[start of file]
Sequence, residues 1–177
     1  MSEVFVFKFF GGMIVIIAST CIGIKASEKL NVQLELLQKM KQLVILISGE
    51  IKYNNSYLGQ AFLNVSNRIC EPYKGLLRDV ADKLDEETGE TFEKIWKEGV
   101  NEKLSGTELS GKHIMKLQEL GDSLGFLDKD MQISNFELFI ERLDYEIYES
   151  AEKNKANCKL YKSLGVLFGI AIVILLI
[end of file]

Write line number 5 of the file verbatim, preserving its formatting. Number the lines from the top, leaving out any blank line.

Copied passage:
   151  AEKNKANCKL YKSLGVLFGI AIVILLI